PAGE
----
Why order take-out? Kenji proves it's possible to whip up this classic in the comfort of your own home, without losing all the flavors you love.
Q: Can I make a restaurant-quality stir-fry?
A: Yes, it's simple: Don't do what they do at the restaurants. Sounds counterintuitive, but the equipment you're cooking on is vastly different from theirs.
A restaurant-quality wok range gets roughly 10 times hotter than even the best home range. But rapid cooking is vitally important to a stir-fry. Meat in a good stir-fry should be tender but well browned, while vegetables should have blistered and seared surfaces but still retain a bright crunch. At home, you often end up steaming: Meat becomes tough, vegetables limp and overcooked, sauces watery and bland.
I know of two easy fixes. The first is to take your stir-fry outside and cook over a coal fire. Weber makes a grate for their kettle grill with a removable center, allowing you to place a large rounded wok on the grill for high-heat outdoor cooking.
Indoors, use a carbon steel or cast-iron flat-bottomed wok (rounded woks don't sit on stovetops), and cook in batches. (A great pick: Joyce Chen Classic Series 14-inch carbon steel wok, $30)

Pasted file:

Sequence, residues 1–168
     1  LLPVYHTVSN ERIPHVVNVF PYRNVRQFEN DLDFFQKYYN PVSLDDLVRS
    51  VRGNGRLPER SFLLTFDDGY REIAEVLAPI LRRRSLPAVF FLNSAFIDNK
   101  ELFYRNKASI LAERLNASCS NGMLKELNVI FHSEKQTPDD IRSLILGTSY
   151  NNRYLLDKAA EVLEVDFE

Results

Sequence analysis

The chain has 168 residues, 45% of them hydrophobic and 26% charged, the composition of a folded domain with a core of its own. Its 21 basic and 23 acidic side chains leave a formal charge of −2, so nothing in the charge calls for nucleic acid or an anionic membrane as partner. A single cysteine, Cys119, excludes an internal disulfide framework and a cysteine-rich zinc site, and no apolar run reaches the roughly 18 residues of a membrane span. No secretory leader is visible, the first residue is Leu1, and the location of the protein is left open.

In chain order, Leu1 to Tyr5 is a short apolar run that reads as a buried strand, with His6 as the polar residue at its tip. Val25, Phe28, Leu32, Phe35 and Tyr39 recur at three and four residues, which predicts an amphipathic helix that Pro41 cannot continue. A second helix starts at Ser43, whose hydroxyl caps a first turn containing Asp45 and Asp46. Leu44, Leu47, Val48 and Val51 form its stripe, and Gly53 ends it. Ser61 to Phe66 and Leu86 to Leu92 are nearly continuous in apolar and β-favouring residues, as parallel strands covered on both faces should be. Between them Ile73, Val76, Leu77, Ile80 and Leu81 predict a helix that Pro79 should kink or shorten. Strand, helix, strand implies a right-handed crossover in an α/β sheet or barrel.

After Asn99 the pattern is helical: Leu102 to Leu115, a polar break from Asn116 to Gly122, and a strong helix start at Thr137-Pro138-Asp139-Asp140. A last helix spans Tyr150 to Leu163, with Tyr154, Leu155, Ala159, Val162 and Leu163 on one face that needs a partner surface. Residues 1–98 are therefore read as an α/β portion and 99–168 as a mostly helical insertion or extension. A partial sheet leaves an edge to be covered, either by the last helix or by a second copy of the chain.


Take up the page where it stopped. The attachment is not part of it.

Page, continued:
Start with all ingredients prepped, and put them in small bowls near the stove; once a stir-fry starts, there's no stopping until it's done.
Heat a small film of oil over the highest possible heat until it's lightly smoking; then add no more than a half pound of meat, spreading it into a single layer and cooking without moving until it's very well browned, about 45 seconds. Stir until it's cooked through, and then transfer to a bowl.
Repeat with small batches until all meat and veggies are cooked. Return wok to high heat, stir-fry aromatics, and then return all cooked meat and vegetables to wok along with your sauce. A few quick tosses to reduce the sauce and coat everything, and you've got a restaurant-grade stir-fry, no high-output stovetop required.